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This Week in Machine Learning: SEO, History, Product Management, & Top Startups

The world of machine learning is changing by every second. And if you want to stay on top of the latest innovations, you need to follow the stories and discoveries. And we’ve got your back!

Here are some of the most insightful stories, helpful resources, and news. Only the top picks. Enjoy the read!

Weekly Roundup: May 5-11

Neptune.ai blog – make sure to visit our blog to find out interesting and in-depth articles on machine learning.

Over the past week, we’ve published a series of posts concerning the Papers from the ICLR 2020 Conference

Also, we’ve recently launched a podcast so tune in and enjoy! 🎧

> Top 10 Machine Learning Startups of 2020 by Priya Dialani on Analytics Insight | May 10

A list of the most innovative Machine Learning Companies in 2020 hopefully, you’ll find some inspiration here.

> Unexpected Scientific Insights into COVID-19 From AI Machine Learning Tool on SciTechDaily | May 2020

A team of materials scientists at Lawrence Berkeley National Laboratory (Berkeley Lab) – scientists who normally spend their time researching things like high-performance materials for thermoelectrics or battery cathodes – have built a text-mining tool in record time to help the global scientific community synthesize the mountain of scientific literature on COVID-19 being generated every day.

An interesting read, make sure to check it out!

> Millions of historic newspaper images get the machine learning treatment at the Library of Congress by Devin Coldewey at Techcrunch | May 7

A new effort from the Library of Congress has digitized and organized photos and illustrations from centuries of news using state of the art machine learning. (The run lasted for 19 days!)

> A Product Manager’s Guide to Machine Learning: Core Ideas by Vijay Patha on Towards Data Science blog | May 6

A must-read for all product managers working in the ML field.

> From Google AI Blog – these folks always have something interesting on the plate. Two positions this week:

> A Practical Introduction to Machine Learning for SEO Professionals by Hamlet Batista on SEJ | May 8, 2020

This guide to machine learning will teach you how to build a model to predict whether adding keywords in title tags can increase organic search clicks. It may be nothing spectacular, but if you’re interested in SEO and ML, check it out.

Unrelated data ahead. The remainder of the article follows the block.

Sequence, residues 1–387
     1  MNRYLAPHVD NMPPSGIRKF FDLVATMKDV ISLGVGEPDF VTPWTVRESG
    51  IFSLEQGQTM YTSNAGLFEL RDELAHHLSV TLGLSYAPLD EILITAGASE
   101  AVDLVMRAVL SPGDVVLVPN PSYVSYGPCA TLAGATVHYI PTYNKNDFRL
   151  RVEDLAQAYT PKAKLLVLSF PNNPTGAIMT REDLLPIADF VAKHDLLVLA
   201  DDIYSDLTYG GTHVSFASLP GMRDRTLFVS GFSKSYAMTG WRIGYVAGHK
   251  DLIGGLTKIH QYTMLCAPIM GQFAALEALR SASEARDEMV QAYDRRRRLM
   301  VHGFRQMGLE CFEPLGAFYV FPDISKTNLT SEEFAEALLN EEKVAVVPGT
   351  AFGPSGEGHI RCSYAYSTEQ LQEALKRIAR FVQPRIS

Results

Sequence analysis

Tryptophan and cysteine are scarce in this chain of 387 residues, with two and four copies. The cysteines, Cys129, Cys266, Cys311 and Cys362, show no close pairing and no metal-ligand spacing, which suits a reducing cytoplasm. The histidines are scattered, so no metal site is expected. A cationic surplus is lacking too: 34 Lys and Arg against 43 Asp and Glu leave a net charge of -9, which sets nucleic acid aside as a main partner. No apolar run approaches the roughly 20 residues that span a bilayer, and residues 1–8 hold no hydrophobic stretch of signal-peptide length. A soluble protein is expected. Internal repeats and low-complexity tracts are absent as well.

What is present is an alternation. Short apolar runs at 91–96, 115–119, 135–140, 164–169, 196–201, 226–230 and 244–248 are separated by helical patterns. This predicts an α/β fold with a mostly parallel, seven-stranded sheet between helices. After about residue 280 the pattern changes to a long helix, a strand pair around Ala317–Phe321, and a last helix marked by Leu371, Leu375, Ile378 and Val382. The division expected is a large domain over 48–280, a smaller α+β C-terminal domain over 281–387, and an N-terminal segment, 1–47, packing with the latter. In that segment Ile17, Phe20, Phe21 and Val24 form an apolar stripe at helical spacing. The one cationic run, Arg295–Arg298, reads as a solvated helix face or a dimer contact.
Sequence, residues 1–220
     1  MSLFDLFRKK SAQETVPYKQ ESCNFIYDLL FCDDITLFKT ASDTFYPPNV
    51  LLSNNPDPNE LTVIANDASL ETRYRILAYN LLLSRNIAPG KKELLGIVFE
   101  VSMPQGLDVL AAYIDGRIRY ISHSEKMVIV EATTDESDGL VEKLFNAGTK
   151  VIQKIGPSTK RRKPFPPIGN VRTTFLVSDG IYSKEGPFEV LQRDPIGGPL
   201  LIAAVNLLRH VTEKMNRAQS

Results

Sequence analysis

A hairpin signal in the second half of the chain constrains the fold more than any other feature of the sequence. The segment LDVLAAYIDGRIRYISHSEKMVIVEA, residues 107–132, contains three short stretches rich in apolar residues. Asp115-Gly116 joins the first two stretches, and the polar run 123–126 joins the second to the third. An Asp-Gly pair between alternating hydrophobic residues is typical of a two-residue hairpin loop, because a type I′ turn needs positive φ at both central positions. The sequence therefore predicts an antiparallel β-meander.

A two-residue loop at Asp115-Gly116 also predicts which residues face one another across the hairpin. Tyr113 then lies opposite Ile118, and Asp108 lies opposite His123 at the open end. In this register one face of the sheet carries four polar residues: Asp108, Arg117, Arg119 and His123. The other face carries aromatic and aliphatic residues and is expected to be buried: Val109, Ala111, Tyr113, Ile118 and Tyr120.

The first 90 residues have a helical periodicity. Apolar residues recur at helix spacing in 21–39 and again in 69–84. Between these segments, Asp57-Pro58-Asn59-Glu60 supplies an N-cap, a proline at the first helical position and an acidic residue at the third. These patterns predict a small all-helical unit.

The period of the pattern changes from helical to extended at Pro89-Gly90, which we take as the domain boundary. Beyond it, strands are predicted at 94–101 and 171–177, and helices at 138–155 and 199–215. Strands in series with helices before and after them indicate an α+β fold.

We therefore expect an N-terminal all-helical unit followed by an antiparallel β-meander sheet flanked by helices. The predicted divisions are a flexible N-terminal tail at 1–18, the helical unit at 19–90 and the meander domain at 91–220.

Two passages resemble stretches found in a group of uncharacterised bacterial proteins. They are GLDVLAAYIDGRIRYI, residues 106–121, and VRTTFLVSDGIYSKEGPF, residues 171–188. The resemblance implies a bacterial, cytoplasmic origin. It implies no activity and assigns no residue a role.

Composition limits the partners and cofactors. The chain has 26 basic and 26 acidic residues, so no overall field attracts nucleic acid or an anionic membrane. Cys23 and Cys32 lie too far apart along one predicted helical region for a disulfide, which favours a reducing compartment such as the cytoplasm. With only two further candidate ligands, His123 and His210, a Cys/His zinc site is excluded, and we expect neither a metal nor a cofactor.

KDnuggets™ News of the week with top stories and tweets of the past week, plus opinions, tutorials, events, webinars, meetings, and jobs.

> Old but gold, the reliable Reddit thread on ML for more news on machine learning. There’s always something for everyone – tips, tricks, hacks, and more news.


That’s all folks! I hope you found something of interest in this weekly roundup. Don’t forget to check our blog for more inspiring articles.

👉 Came across an interesting ML article? Or maybe you wrote one yourself and would like to share it with other people? Let us know, we’ll spread the news in our weekly roundup!


READ NEXT

ML Experiment Tracking: What It Is, Why It Matters, and How to Implement It

10 mins read | Author Jakub Czakon | Updated July 14th, 2021

Let me share a story that I’ve heard too many times.

”… We were developing an ML model with my team, we ran a lot of experiments and got promising results…

…unfortunately, we couldn’t tell exactly what performed best because we forgot to save some model parameters and dataset versions…

…after a few weeks, we weren’t even sure what we have actually tried and we needed to re-run pretty much everything”

– unfortunate ML researcher.

And the truth is, when you develop ML models you will run a lot of experiments.

Those experiments may:

  • use different models and model hyperparameters
  • use different training or evaluation data, 
  • run different code (including this small change that you wanted to test quickly)
  • run the same code in a different environment (not knowing which PyTorch or Tensorflow version was installed)

And as a result, they can produce completely different evaluation metrics. 

Keeping track of all that information can very quickly become really hard. Especially if you want to organize and compare those experiments and feel confident that you know which setup produced the best result.  

This is where ML experiment tracking comes in. 

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